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I'm trying to test sent signal and it's providing_args. Signal triggered inside contact_question_create view just after form submission.

My TestCase is something like:

    def test_form_should_post_proper_data_via_signal(self):
        form_data = {'name': 'Jan Nowak'}
        signals.question_posted.send(sender='test', form_data=form_data)
        @receiver(signals.question_posted, sender='test')
        def question_posted_listener(sender, form_data):
            self.name = form_data['name']
        eq_(self.name, 'Jan Nowak')

Is this the proper way to test this signal? Any better ideas?

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5 Answers 5

You need to:

  • assert a signal was emited with proper arguments and,
  • a specific number of times and,
  • in appropriate order.

You can use mock_django app which provides a mock for signals.

Example:

def test_install_dependency(self):
    with mock_signal_receiver(post_app_install) as install_receiver:
        self.env.install(self.music_app)
        self.assertEqual(install_receiver.call_args_list, [
            call(signal=post_app_install, sender=self.env,
                app=self.ukulele_app),
            call(signal=post_app_install, sender=self.env,
                app=self.music_app),
        ])
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Note that version 1.6.5 of mock_django does not work with Django 1.5 or above. (At the time of writing, 1.6.5 is the most current tagged version and the one that is in PyPI.) –  Vebjorn Ljosa Dec 20 '13 at 9:12

The purpose of this isn't to test the underlying signalling mechanism, but rather is an important unit test to ensure that whatever signal your method is supposed to emit is actually emitted with the proper arguments. In this case, it seems a little trivial since its an internal django signal, but imagine if you wrote the method that was emitting a custom signal.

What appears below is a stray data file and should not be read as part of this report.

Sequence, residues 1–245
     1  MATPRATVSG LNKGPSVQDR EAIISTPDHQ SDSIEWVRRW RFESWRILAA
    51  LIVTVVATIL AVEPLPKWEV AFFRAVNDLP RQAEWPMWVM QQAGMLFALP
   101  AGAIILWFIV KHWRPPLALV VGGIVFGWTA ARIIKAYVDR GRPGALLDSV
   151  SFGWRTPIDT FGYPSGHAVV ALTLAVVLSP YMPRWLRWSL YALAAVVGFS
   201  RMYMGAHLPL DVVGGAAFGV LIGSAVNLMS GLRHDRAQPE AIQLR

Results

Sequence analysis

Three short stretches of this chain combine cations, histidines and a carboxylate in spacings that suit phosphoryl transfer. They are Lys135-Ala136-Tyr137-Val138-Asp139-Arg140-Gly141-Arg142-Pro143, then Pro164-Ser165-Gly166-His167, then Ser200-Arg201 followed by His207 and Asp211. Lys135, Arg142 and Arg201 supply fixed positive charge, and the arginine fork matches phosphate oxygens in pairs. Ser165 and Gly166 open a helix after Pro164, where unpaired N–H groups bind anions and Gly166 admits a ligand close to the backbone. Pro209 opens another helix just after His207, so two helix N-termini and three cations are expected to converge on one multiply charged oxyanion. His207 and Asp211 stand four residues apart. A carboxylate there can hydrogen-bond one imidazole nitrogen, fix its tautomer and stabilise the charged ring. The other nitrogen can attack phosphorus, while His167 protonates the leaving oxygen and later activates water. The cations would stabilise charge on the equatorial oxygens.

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Why do you test your framework? Django already have unit tests for signal dispatcher. If you don't believe that your framework is fine just attach it unit tests to yours test runner.

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up vote 0 down vote accepted

I've resolved the problem by myself. I think that the best solution is following:

    def test_form_should_post_proper_data_via_signal(self):
        # define the local listener
        def question_posted_listener(sender, form_data, **kwargs):
            self.name = form_data['name']

        # prepare fake data
        form_data = {'name': 'Jan Nowak'}

        # connect & send the signal
        signals.question_posted.connect(question_posted_listener, sender='test')
        signals.question_posted.send(sender='test', form_data=form_data)

        # check results
        eq_(self.name, 'Jan Nowak')
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1  
This won't fail if a signal is emited twice or more. –  jpic Oct 6 '12 at 10:47

I don't know if this is of relevance, but I have come across an issue where a signal I have set up in live code is not getting triggered, specifically the user_logged_out signal from django.contrib.auth.signals.

I'm not overly concerned about the fact that the signal is not triggered automatically when I call the logout method on the Django unit test client as I assume that signal sending is something that is tested within Django. Instead, I want to test the unit of code which is executed when the signal is received. I have been able to manually trigger the signal by adding the following two lines into my unit test:

from django.contrib.auth import signals signals.user_logged_out.send(sender='test', user=self.api_user.user)

If this is not a good thing to do, I'd love to know (and know why).

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